Even if you’re not the boss – there’s still a lot you can do to change things.
No matter how much you love or loath your job, it’s widely agreed that it’s the people you work with who will make or break your 9-5.
If you’re lucky, you’ll be part of one of those fully functioning, machine teams that the pros in the business world like to refer to as having a successful ‘culture’. That ‘win together, lose together’ kind of vibe. But, if you’re not so fortunate, you’ll find yourself flying solo through a shit storm of needless emails and unnecessary meetings, only finding solace in lunch breaks and the countdown to the end of the day.
In those situations, it’s totally okay to rely on your colleagues, the ones in the same sinking ship as you, to lift you out of that slump. Or at the very least sit in that slump with you for a little bit. The benefits of having allies at work extend beyond the mid-morning bitching session by the coffee machine and having someone to drag to the pub at the end of the day, though. It can actually affect how well you and your place of work operates. We’re not saying it’s the only thing that’ll influence doing well in your job (and actually wanting to be there) but the dynamic between you and your colleagues is a pretty big deal.
Daniel Coyle, author of The Culture Code: The Secrets Of Highly Successful Groups, has found that having and being part of a certain type of culture is integral to workplace success. After having spent much of his career studying high performers, he turned his attention to group dynamics. “We’ve all been in groups that are great and we’ve all been in groups where we’ve got that feeling of connection and cohesion,” he tells The Debrief. But what he wanted to work out was what it was specifically about being in those groups that seemed to unlock the type of high performance that CEOs and senior people like to wang on about.
Contrary to how many of us behave within tricky office hierarchies (because no place of work is without its politics) the key isn’t being forceful, aggressive, or the one who shouts loudest about pay and promotions, it’s about letting your guard down a bit.
“When we’re at work, it is default setting to not want to make a mistake, not want to look bad. You don’t want to be vulnerable,” Coyle explains. “When you visit a successful group, what you will find is people are constantly sending signals of vulnerability. You’ll find that leaders will often open up and talk really openly about their weakness. You’ll find that they also have habits where they will directly circle up what went wrong and talk about those things that are really difficult to talk about.”
It’s not the sort of thing that we’re normally receptive to doing in high-pressure environments. Especially when your place of work is intimidating and competitive by nature, and the prospect of losing a job after admitting what you’re not so good at is terrifying and lends itself to imposter syndrome. But Coyle says that creating a culture of sincere vulnerability – not in a lay your life on the line kind of way, but rather an ‘I feel comfortable enough to talk about what is good AND bad, what has gone well AND awfully’ manner – is what helps you and your team actually get shit done well. Forgive the cliché, but it is all about trust, you guys.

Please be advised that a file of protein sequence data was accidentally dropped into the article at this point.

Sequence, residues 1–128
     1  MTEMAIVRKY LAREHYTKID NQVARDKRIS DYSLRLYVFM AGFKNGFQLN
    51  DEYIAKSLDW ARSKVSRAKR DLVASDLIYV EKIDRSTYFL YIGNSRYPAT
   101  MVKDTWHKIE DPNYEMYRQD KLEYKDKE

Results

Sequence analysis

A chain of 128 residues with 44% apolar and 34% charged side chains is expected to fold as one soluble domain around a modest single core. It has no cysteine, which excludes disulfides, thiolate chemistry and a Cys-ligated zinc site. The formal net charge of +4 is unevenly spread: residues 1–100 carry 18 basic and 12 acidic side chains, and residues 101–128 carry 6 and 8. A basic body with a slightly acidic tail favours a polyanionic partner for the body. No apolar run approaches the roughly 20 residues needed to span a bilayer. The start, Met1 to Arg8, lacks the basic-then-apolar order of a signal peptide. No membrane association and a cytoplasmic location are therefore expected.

“Chemistry bonds get formed in discreet moments. That discreet moment of sending that signal in a really clear way creates a sense of belonging. So, if you reflect on groups that you were a part of, there are some points that you would have got that signal. Tuning into that and knowing how to send that signal in an authentic way, is one of the important things you can do in the workplace – its sort of like a language you learn to speak and it’s about,” Coyle muses.
“Culture is not about big magical things that you possess. It is about small signals in which big messages are delivered.”
He explains that those signals could be anything from asking your boss for help, encouraging a colleague to teach you something that they know how to do and you don’t, to simply just not having your guard up all the time. “Culture is not about big magical things that you possess. It is about small signals in which big messages are delivered.”
Now, I know what you’re thinking. ‘I’m just a cog in a corporate machine that doesn’t really care, how TF can I make a difference to my working environment with this culture business?’ I get it – feeling comfortable in the office doesn’t happen overnight. But, Coyle explains that despite the looming shadow of leadership, career ladders and our habitual reliance on hierarchy, a lot of culture development depends on the people closet to you. The middle guys. “A lot depends on the 15ft around you,” explains Coyle. “You can affect that.”
If you ever needed an excuse to organise more after work drinks or cheeky long lunches, this is it. “There’s a really underrated power in daily simple rituals and many of them are around food and drink that groups can have together to spark innovation and to spark strong cultures,” he adds. “Those small rituals of who you get coffee with each day, who you hang out with at the water cooler, who you go get a pint with after work, ends up being really powerful opportunities to build culture.”
Your boss might be important, sure, but they’re not the whole picture when it comes to directing the tone of your working environment. You and your colleagues have control too. And while it might not be in your nature to suddenly become BFFs with the people whose heads you have to stare at over the top of computer screens all day, investing a little time on being at least comrades in arms could make a huge difference to how you feel about being stuck there five days a week.
Words: Jazmin Kopotsha
Photos: Getty Images
This article originally appeared on The Debrief.